School & District Management

Hefty Pay Increase Arrives Early in Term for Louisiana Chief

By Katie Ash — March 04, 2008 1 min read
  • Save to favorites
  • Print

Talk about staying ahead of inflation: Louisiana state schools Superintendent Paul G. Pastorek, on the job for less than a year, will soon receive a $50,000 salary boost, bringing his annual earnings up to almost $350,000.

That total, which puts him ahead of state chiefs in Texas and Massachusetts, among other places, includes an annual salary of $277,249 per year, along with a $48,000 housing allowance and a $24,000 car allowance—in all, a 16.7 percent increase in his compensation. The contract also makes him eligible for 6 percent raises in the future.

“[Mr. Pastorek has] been very instrumental in getting the New Orleans education program back on its feet after the hurricane,” said Walter Lee, a member of the state board, which approved the contract Feb. 21 on a 10-1 vote. “He felt … that based on his ability and credentials he was worth the money, and we did also.”

See Also

See other stories on education issues in Louisiana. See data on Louisiana’s public school system.

But some were surprised that the raise came so early in Mr. Pastorek’s tenure.

“I find that real quick for anyone to get a pay raise,” said Carnell Washington, the president of the East Baton Rouge Federation of Teachers. “He’s getting a raise without any accountability being shown.”

Compensation varies for the nation’s state schools chiefs—and is not necessarily related to the size of the state’s school system. Texas state chief Robert Scott, who is appointed, earns $180,000 and no housing or car allowance. In Massachusetts, Mitchell Dan Chester, who will begin in May as the state’s commissioner of education, will receive $206,000 per year, with no housing or car allowance.

Mr. Pastorek’s pay is more in line with the compensation for big-city superintendents. For instance, Joel I. Klein, the schools chancellor for the 1.1 million-student New York City school district, earns $250,000 a year with no housing or car allowance, and in the 708,0000-student Los Angeles Unified School District, Superintendent David L. Brewer gets $300,000 and a $36,000 housing allowance annually, but no car allowance.

Librarians Kathryn Dorko and Rachael Holovach contributed to this story.
A version of this article appeared in the March 05, 2008 edition of Education Week

Events

This content is provided by our sponsor. It is not written by and does not necessarily reflect the views of Education Week's editorial staff.
Sponsor
Classroom Technology Webinar
Academic Integrity in the Age of Artificial Intelligence
As AI writing tools rapidly evolve, learn how to set standards and expectations for your students on their use.
Content provided by Turnitin
Recruitment & Retention Live Online Discussion A Seat at the Table: Chronic Teacher Shortage: Where Do We Go From Here?  
Join Peter DeWitt, Michael Fullan, and guests for expert insights into finding solutions for the teacher shortage.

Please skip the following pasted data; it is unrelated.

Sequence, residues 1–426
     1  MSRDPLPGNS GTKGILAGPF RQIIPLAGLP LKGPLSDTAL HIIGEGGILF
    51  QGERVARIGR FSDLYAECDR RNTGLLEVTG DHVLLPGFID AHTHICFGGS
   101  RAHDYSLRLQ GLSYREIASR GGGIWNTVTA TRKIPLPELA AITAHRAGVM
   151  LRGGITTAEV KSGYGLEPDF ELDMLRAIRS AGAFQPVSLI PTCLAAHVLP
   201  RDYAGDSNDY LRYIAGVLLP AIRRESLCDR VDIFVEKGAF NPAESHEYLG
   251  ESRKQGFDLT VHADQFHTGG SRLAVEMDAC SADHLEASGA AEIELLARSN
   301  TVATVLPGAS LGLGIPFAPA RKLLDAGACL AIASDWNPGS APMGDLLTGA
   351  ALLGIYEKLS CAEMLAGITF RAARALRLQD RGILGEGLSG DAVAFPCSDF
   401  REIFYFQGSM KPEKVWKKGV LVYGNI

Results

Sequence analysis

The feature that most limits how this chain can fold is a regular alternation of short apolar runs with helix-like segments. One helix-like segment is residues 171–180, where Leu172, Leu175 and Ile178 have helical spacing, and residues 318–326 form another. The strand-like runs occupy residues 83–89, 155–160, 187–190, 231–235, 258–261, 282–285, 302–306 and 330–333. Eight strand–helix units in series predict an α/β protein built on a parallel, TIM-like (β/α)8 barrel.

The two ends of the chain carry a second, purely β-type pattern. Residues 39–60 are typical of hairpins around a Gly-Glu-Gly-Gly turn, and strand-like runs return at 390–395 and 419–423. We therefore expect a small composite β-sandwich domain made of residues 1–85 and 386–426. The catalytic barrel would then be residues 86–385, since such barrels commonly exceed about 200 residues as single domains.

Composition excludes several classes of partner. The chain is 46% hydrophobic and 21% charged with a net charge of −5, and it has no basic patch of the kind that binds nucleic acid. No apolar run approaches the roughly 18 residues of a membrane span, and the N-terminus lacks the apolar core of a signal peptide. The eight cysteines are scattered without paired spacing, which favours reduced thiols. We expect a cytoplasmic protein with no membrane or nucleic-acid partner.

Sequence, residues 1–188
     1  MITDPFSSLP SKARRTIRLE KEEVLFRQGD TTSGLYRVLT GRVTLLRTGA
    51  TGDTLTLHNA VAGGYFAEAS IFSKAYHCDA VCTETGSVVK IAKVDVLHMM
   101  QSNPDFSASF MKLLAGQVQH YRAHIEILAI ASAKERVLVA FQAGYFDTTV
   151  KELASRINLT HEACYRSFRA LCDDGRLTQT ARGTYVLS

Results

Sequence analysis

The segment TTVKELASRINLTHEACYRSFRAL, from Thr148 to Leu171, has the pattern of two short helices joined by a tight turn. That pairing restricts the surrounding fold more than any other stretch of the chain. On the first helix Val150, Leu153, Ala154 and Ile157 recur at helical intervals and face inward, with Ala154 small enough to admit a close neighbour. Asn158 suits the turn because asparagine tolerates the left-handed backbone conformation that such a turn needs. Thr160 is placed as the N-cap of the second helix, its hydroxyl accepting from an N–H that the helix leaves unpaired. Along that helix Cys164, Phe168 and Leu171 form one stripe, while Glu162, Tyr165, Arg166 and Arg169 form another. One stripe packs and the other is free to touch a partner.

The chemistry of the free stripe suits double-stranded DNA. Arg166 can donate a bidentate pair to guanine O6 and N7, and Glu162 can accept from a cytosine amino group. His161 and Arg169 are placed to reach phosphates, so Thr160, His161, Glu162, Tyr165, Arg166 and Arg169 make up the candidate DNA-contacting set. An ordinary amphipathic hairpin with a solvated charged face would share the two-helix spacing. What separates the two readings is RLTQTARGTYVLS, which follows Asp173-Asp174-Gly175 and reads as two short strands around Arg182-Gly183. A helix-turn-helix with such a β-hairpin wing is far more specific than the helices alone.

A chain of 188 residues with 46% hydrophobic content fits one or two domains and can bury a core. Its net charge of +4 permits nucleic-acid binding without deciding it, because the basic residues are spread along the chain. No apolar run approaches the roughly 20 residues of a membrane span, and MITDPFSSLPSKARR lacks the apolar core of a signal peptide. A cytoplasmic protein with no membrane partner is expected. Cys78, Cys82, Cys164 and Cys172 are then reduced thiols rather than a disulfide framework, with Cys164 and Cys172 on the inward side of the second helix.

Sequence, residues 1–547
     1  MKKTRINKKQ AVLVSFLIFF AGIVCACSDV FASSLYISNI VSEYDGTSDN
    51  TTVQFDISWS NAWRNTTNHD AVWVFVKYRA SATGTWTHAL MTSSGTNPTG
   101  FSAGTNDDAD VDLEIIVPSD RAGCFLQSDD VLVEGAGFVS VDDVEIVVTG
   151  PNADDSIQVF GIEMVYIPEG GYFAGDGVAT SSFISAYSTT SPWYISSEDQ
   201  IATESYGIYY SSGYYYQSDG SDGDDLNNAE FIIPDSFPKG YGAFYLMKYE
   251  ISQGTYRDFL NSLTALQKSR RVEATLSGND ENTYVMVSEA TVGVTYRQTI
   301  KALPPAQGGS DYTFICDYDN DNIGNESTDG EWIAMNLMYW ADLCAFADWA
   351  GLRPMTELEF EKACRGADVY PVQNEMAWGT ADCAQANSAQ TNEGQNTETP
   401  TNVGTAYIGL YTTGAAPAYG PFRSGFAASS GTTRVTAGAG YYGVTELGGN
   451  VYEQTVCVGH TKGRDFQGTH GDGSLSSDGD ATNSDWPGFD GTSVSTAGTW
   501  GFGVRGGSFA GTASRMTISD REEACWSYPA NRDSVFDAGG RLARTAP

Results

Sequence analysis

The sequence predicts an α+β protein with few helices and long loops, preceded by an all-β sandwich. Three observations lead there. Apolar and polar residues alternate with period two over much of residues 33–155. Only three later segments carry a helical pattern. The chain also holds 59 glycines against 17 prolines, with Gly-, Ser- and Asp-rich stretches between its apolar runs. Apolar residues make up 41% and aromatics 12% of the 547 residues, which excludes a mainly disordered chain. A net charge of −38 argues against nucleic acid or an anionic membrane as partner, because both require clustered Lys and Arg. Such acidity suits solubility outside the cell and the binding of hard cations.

This content is provided by our sponsor. It is not written by and does not necessarily reflect the views of Education Week's editorial staff.
Sponsor
Reading & Literacy Webinar
The Science of Reading: Tools to Build Reading Proficiency
The Science of Reading has taken education by storm. Learn how Dr. Miranda Blount transformed literacy instruction in her state.
Content provided by hand2mind

EdWeek Top School Jobs

Teacher Jobs
Search over ten thousand teaching jobs nationwide — elementary, middle, high school and more.
View Jobs
Principal Jobs
Find hundreds of jobs for principals, assistant principals, and other school leadership roles.
View Jobs
Administrator Jobs
Over a thousand district-level jobs: superintendents, directors, more.
View Jobs
Support Staff Jobs
Search thousands of jobs, from paraprofessionals to counselors and more.
View Jobs

Read Next

School & District Management Divisive Politics Are Harming Schools, District Leaders Say
A new survey reveals how tough the politics are for some leaders, especially in the suburbs.
8 min read
Illustration of tug of war.
Illustration by Laura Baker/Education Week, SvetaZi, and iStock/Getty
School & District Management Leading a City School District Is Tough. A New Program Aims to Ease the Way
Its creators hope to drive down big-city superintendent turnover by preparing candidates for the stresses of leadership.
3 min read
Woman standing on a paper boat with a tsunami wave approaching.
iStock/Getty Images Plus
School & District Management 5 Tips for Switching From Snow Days to Remote Classes
Two district leaders say communication, flexibility, and adaptability are key to success.
4 min read
Close up of hands holding a smartphone and working at a laptop near a window showing a snowy day
iStock/Getty
School & District Management Will Schools Actually Ditch Snow Days for Virtual Learning? The Outlook Is Still Cloudy
More districts are substituting some remote learning, but snow days are still an option in many places.
5 min read
Buses parked covered with snow
iStock/Getty